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Marijuana businesses form coalition to defend against federal intervention

March 27, 2017 Updated: March 27, 2017 at 1:04 pm
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A new national coalition of businesses in the legal marijuana trade plans to fight federal efforts to intervene in states' regulation of cannabis.

The chairman of the New Federalism Fund is Neal Levine of Boulder, senior vice president of government affairs for LivWell Enlightened Health, a Colorado company with 14 locations.

They're not messing around. The fund's lobbying firm? Powerhouse Brownstein Hyatt Farber Schreck of Denver, which earned $25 million last year lobbying for everybody from McDonald's and Comcast to the Navajo Nation and University of Utah.

That's muscle.

"As the president stated in his recent address to Congress, every problem facing our nation can be solved by working together," Levine said in a statement. "We agree and look forward to working with the president and congress to support and improve the legal framework for cannabis that promotes public safety, local economic development and our federalist system."

Alicia Wallace of The Cannabist was the first to report about the new organization on Thursday.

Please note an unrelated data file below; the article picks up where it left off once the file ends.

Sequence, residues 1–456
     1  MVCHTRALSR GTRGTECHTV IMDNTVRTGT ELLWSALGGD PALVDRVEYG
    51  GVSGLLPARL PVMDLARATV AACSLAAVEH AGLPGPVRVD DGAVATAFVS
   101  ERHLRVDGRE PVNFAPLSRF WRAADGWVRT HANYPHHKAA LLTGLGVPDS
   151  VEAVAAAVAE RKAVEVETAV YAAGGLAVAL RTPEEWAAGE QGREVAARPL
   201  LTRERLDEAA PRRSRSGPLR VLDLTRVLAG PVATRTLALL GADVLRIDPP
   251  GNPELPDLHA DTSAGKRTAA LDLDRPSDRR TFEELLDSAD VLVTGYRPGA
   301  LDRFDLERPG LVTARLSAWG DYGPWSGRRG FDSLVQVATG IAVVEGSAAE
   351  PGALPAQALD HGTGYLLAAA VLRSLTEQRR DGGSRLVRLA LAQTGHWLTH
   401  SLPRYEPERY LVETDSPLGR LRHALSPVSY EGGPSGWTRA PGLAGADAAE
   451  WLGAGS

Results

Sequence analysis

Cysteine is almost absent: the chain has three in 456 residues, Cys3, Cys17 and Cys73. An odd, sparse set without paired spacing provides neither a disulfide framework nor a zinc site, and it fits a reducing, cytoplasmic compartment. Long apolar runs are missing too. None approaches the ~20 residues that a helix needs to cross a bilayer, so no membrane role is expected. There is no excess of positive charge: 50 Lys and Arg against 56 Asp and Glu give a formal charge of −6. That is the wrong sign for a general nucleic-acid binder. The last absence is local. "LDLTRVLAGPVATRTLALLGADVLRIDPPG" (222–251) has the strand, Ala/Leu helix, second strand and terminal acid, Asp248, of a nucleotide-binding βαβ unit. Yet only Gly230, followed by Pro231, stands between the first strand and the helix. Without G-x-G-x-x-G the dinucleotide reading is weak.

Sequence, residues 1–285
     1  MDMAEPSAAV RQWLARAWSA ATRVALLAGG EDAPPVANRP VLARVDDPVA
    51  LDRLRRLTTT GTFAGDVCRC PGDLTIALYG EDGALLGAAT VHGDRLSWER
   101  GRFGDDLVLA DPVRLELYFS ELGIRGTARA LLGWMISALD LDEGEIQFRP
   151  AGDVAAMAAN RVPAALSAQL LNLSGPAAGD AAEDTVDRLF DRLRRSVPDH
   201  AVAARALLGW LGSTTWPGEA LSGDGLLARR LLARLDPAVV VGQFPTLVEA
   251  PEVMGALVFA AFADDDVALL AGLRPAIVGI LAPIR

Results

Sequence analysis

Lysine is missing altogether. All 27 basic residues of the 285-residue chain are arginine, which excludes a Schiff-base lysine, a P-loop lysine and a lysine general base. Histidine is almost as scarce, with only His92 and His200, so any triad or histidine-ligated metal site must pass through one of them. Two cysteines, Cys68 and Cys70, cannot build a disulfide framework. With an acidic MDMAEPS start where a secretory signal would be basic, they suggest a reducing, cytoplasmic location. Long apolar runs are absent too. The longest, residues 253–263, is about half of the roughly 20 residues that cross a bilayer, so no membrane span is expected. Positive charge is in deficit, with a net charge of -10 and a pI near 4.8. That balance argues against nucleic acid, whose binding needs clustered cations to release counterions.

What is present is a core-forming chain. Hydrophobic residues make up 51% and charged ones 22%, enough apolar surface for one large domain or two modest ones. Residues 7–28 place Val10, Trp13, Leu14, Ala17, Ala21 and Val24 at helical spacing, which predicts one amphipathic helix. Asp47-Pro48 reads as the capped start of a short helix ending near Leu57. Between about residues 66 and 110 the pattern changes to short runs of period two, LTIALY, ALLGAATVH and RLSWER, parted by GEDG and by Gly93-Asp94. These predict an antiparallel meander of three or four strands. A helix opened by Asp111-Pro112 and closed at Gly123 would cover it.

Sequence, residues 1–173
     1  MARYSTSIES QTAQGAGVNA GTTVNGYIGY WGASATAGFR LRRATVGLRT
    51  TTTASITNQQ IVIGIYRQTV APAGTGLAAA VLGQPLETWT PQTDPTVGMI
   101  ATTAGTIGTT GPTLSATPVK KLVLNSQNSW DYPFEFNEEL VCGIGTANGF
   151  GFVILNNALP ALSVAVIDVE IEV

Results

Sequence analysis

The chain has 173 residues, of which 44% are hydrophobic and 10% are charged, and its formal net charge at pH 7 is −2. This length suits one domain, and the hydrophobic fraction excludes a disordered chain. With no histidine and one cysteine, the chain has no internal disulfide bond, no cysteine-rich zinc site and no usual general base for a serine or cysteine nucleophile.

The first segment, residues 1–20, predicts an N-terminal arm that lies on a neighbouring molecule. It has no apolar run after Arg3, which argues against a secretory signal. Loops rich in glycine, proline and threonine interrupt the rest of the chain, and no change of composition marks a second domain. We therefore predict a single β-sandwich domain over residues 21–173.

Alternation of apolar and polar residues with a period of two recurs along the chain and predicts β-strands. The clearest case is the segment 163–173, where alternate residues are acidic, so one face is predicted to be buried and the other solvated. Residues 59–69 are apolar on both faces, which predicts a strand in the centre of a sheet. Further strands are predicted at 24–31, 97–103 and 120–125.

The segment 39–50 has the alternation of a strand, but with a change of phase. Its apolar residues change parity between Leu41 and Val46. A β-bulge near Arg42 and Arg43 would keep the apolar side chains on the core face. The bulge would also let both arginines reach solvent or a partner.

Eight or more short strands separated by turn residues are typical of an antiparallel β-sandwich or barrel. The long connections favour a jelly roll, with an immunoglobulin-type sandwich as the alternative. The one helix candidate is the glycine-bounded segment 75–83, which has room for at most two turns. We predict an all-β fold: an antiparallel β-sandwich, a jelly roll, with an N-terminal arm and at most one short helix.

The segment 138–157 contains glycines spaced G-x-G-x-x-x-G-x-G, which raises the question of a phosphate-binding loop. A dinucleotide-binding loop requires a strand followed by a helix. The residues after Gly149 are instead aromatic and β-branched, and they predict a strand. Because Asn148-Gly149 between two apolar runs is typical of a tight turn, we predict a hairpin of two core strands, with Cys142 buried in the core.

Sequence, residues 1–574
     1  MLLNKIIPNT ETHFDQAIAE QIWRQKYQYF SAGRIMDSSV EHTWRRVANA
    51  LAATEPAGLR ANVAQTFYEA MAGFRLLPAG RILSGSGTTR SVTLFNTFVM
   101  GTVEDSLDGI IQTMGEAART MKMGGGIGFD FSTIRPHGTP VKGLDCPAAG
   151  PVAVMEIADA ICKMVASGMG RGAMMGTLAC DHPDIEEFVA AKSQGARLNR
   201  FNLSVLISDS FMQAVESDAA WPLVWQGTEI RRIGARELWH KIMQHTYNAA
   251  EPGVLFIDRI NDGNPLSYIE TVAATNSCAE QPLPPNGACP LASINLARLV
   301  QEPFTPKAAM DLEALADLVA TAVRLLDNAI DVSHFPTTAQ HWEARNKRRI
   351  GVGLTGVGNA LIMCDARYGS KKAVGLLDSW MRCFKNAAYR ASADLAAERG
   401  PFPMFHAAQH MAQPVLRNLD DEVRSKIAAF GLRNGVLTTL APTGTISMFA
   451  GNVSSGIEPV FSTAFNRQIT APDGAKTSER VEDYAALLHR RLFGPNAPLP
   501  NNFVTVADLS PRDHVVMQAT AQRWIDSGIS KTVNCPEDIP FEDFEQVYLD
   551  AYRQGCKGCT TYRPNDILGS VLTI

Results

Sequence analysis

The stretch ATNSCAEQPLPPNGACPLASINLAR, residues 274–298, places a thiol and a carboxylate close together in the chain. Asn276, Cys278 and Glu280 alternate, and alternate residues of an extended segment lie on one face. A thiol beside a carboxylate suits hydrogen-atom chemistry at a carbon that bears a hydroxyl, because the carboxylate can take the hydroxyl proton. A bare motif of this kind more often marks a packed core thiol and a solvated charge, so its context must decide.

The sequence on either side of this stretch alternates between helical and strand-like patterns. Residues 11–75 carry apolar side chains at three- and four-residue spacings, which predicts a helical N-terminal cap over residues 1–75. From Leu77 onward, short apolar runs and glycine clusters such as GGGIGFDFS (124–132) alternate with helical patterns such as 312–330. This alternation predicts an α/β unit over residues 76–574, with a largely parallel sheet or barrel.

Four of the seven founding members are from Colorado: LivWell Enlightened Health, Dixie Elixirs, Native Roots and Medicine Man.

They are joined by Scotts Miracle-Gro, marijuana private equity firm Privateer Holdings of Seattle and Tryke Companies of Tempe, Ariz.

The group's priorities are "maintaining the freedom to operate," holding off federal law enforcement and making sure the federal tax code isn't used as a weapon of prejudice against pot business.

"All of these priorities have become increasingly important in light of the recent statements from the Department of Justice and the administration concerning their possible approaches to federal cannabis laws," the fund said in an announcement.

By working in Washington, the fund thinks it can impress upon the Congress that the pot industry is well-structured, helps sick people and puts billions into the economy, as well as an employment base in the tens of thousands in the 28 states with some form of legalization.

The legal, regulated industry all but eliminates the street-level criminal market and impeding traffickers and cartels, the fund argues.

"Marijuana isn't going anywhere," said Levine, a board member of the National Cannabis Industry Association. "Someone is going to sell it. So the question is, do we want regulated and compliant businesses who check IDs and pay their taxes to do that, or drug dealers? We want our elected officials to know that a regulated cannabis industry is the best way to stop the illegal drug trade while growing our local economies. Local control over regulated commerce just makes sense. It's a building block of federalism for good reason."

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